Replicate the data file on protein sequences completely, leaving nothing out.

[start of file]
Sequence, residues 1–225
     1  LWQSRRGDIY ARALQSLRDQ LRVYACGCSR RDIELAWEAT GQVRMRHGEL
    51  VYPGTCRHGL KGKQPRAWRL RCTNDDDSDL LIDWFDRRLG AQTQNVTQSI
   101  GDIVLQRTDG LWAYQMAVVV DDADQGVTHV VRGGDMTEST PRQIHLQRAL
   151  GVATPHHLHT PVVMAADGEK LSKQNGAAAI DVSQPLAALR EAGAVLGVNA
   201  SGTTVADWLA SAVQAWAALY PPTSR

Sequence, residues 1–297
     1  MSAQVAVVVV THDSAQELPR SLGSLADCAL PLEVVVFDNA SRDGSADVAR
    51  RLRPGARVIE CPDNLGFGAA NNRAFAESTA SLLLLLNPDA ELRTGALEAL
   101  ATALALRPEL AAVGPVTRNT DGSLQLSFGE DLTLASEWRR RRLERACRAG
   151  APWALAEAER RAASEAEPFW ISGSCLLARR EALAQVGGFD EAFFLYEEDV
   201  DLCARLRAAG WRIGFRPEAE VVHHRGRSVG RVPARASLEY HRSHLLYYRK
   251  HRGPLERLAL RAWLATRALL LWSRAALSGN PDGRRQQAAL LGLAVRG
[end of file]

Sequence, residues 1–225
     1  LWQSRRGDIY ARALQSLRDQ LRVYACGCSR RDIELAWEAT GQVRMRHGEL
    51  VYPGTCRHGL KGKQPRAWRL RCTNDDDSDL LIDWFDRRLG AQTQNVTQSI
   101  GDIVLQRTDG LWAYQMAVVV DDADQGVTHV VRGGDMTEST PRQIHLQRAL
   151  GVATPHHLHT PVVMAADGEK LSKQNGAAAI DVSQPLAALR EAGAVLGVNA
   201  SGTTVADWLA SAVQAWAALY PPTSR

Sequence, residues 1–297
     1  MSAQVAVVVV THDSAQELPR SLGSLADCAL PLEVVVFDNA SRDGSADVAR
    51  RLRPGARVIE CPDNLGFGAA NNRAFAESTA SLLLLLNPDA ELRTGALEAL
   101  ATALALRPEL AAVGPVTRNT DGSLQLSFGE DLTLASEWRR RRLERACRAG
   151  APWALAEAER RAASEAEPFW ISGSCLLARR EALAQVGGFD EAFFLYEEDV
   201  DLCARLRAAG WRIGFRPEAE VVHHRGRSVG RVPARASLEY HRSHLLYYRK
   251  HRGPLERLAL RAWLATRALL LWSRAALSGN PDGRRQQAAL LGLAVRG